When we visit a new country, we always love to get behind the wheel and venture out on a road trip! Visiting Ecuador was no different. We rented a car in Quito for a little under a week and drove all the way down south via the Avenue of the Volcanoes and ended up in Guayaquil, making a number of stops along the way.
What is the Avenue of the Volcanoes?
This is a route within the Ecuadorian section of the Andes mountains that traverses from Quito in the north, to Cuenca in the south and is lined with over 14 volcanoes, all with a height of at least 5,000 meters.
First leg – Quito to Latacunga
As we left Quito, the scenery changed from small villages scattered along the Pan American highway to lush green sections of the Andes mountains with snow capped sections thrown in between. Amazingly, the Ecuadorian farmer has mastered the art of farming on an almost vertical mountain edges, with rustic if not archaic looking tools and machinery.
Our plan for the day was to hike to Laguna Quilotoa, a gorgeous crater-lake in the Quilotoa volcano. The hike down to the lake takes approximately 30 minutes, while the hike back up can take anywhere from 1 to 2 hours. However, as we left the Pan American highway and drove through the windy uphill roads, we seemed to join the clouds and were soon engulfed in a thick mist and fog. By the time we reached the parking lot for the lake, the mist was so thick it had turned into rain, and we could hardly see in front of us. Nevertheless, we hopped out of the car, excitedly noticed some llamas and alpacas,and headed for the lake. After a few seconds of getting pummeled by the rain and seeing next to nothing…we gave up the idea of the hike and scrambled back into the car.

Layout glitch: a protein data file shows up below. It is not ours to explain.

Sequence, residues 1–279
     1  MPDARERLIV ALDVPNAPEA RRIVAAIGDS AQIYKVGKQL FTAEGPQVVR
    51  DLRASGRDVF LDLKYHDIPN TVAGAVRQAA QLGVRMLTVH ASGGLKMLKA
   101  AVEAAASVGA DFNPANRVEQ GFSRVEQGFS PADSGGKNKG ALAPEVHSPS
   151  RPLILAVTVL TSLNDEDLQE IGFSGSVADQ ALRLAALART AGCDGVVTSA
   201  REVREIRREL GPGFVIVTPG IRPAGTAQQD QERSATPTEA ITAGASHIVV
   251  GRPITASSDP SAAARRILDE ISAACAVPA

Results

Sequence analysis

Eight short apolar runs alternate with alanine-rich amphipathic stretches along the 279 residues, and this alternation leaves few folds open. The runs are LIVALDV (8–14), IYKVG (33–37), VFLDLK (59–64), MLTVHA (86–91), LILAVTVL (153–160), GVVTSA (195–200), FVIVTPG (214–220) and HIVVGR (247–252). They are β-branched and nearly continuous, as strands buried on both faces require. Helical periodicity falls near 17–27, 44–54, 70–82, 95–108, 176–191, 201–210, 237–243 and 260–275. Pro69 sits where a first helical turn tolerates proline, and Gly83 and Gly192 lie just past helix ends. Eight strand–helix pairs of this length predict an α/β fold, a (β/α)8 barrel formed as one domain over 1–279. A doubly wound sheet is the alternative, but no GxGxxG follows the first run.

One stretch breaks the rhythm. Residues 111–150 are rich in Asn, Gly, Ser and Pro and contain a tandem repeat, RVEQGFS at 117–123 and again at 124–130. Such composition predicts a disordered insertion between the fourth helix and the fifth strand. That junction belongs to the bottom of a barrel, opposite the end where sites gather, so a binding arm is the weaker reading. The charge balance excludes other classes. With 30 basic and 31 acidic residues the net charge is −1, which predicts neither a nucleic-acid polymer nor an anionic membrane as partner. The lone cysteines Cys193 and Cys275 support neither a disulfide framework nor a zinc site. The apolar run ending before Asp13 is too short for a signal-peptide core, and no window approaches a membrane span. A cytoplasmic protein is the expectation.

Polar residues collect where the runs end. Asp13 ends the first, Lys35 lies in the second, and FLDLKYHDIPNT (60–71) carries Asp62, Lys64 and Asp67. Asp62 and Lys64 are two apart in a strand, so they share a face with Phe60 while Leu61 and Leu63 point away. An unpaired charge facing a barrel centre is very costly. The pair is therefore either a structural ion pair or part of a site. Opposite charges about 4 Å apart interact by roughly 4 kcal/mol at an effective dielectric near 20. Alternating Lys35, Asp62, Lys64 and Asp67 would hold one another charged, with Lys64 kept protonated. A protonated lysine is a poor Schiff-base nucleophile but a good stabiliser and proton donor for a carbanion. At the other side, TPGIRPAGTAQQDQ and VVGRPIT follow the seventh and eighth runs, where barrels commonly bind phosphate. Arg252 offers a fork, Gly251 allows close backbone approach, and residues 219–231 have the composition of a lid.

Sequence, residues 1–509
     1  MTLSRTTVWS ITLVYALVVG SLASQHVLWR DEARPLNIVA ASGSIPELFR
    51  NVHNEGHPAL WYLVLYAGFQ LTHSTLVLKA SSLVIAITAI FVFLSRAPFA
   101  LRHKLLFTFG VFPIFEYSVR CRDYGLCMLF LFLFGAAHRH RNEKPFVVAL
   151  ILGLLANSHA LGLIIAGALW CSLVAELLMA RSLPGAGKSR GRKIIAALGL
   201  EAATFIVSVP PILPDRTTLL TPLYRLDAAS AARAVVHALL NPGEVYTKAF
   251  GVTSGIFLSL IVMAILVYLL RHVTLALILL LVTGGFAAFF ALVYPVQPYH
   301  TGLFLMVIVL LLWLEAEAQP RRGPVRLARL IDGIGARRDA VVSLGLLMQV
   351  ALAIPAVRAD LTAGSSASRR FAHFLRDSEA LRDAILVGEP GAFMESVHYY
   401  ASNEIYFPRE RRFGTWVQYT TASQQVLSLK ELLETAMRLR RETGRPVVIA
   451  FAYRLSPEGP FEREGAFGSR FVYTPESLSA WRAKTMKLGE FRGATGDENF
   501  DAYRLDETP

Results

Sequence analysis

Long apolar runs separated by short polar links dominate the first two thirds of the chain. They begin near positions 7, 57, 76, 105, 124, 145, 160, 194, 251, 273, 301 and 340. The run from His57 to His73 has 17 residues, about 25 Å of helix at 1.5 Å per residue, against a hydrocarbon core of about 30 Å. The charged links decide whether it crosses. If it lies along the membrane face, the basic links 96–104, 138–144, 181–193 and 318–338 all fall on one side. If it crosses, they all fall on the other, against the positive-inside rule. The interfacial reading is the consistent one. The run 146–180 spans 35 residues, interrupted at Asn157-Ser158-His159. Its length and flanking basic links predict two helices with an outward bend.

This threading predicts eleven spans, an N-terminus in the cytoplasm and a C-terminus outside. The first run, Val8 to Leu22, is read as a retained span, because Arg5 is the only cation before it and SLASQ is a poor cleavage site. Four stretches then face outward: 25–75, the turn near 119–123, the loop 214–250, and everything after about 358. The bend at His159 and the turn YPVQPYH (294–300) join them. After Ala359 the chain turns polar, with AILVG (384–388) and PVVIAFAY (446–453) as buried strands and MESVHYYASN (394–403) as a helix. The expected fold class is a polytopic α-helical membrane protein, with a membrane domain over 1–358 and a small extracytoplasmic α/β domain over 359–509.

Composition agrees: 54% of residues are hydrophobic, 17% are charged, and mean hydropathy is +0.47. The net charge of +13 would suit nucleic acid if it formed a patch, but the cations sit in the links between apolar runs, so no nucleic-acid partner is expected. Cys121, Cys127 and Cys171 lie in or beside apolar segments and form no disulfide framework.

- We heard that its best to hike either to the lake or the loop around the lake, early in the morning. At that time one has a better chance of less mist and clouds.
- Quilotoa is about 1 hour from Latacunga up windy roads. We saw hardly any petrol stations on that road so its best to always fill up whenever you see one.
After we got a glimpse of this snow-capped volcano from Quito, we knew we wanted to hike the volcano. Cotopaxi is the second highest summit in Ecuador at a height of 5,897 meters, and last erupted in 2015. Due to most of the national park being flat, it stands out for miles, and is visible on most days.
We set out early after breakfast, armed with all our hiking gear, ready to conquer the volcano. We had heard that given the altitude it would be a challenge (if we were not yet fully acclimatized) but still had high hopes.
The drive to the park entrance from Latacunga took approximately 35 minutes. All visitors are required to sign in at the entrance, and show their passports. At this point, we were accosted by various guides offering a ride to the parking lot, which is at the foot of the volcano. We rejected all offers, and set off on what was to be a very interesting ride. For the first 10 minutes, the road is paved, but after that it disappeared and the next 45 minutes were spent navigating through a windy uphill dirt road with varying sizes of potholes.